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Sounds like you are getting to know the tool. It appears my instructions were not low-level enough for you.

It does not. They remain two separate EditPoints. The second one is “behind” the first, and therefore to access it, you have to move the second away, temporarily. If you select the “two” EditPoints, only the foremost one is selected.

I find it much better to never place EditPoints one on top of the other. But then, I can achieve everything I want from one EditPoint with two BezierHandles, rather than two EndPoints with one BezierHandle each, at the same coordinates.

That explains why the object moves inconsistently. In order for an object to move consistently, it has to be on the grid, that is, all EditPoints must be grid points. Try selecting an EditPoint and then Inspector/Canvas/Ruler/AlignToGrid.

If you want consistency (all aspects, movement being just one), you must use a grid, and stick to it.

So the issue with using Union Shapes, or by using Bezier handles, is that there was no longer CornerRadius control I can adjust. I have some regular rounded rectangles, and some rectangles with “3 rounded, 1 sharp” corners, and I wanted to have a uniformly way to adjust roundedness of both kinds of shapes after placing them.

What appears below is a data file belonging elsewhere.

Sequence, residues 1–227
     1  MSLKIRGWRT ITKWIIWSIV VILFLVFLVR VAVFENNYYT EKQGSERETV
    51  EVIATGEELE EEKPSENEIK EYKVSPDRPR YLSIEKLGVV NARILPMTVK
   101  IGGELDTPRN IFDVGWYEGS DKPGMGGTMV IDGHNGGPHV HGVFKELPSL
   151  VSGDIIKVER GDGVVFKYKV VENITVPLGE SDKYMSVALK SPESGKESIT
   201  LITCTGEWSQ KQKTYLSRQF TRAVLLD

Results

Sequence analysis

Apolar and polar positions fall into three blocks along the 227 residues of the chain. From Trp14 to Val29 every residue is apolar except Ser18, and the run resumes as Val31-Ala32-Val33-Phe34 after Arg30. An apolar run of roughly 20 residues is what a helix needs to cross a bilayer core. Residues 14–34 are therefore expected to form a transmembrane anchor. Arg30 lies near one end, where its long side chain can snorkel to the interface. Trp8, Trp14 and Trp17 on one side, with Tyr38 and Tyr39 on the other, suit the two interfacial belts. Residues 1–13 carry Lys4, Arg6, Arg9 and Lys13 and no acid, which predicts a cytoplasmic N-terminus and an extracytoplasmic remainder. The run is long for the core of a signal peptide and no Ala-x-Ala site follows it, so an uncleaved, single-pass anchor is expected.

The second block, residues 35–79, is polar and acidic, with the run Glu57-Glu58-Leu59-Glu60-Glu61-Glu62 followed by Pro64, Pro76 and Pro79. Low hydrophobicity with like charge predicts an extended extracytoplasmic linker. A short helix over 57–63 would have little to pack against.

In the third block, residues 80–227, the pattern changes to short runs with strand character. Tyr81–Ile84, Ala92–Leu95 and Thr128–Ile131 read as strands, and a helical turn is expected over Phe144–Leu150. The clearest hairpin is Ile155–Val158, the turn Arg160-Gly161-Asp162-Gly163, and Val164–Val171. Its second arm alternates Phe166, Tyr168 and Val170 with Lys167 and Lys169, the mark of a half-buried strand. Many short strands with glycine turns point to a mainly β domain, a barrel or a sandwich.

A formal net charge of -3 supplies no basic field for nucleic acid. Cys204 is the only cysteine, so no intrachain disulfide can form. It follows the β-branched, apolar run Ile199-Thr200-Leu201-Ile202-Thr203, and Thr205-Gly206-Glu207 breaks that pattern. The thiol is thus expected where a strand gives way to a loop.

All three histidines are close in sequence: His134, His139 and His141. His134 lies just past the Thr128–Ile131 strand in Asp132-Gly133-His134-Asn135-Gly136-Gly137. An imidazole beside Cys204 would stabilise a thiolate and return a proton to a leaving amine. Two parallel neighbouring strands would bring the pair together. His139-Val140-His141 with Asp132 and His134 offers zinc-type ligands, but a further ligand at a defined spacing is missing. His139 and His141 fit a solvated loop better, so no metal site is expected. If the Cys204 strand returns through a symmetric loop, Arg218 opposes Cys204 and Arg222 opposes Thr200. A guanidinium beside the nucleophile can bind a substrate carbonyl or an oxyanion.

However, it is possible to do by creating 2 edit points which are almost (but not exactly) overlapping at the corner which has to remain sharp. This way I can still use CornerRadius control to determine the sharpness of the remaining corners. I discovered this by looking at XML file of the “Rounded Corner” stencils.

This “almost overlapping but not exactly” seems to be required, if I overlap the two control points, the corner loses its sharpness as if there were only one control point there.

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No. The “almost overlapping but not exactly” simply engages the bug.

When two (or more) shapes are Unioned, the resulting shape has a few more EditPoints than is actually required. That is another (second) bug, or a fudge, which is by definition a bug. Correction of that bug will remove the superfluous EditPoints.

If you used a grid religiously, those minute differences would disappear. That is to say, you wouldn’t have the opportunity to engage the bug.

And if OG did not have these bugs, the EditPoints would not have that minute “almost overlapping but not exactly” difference.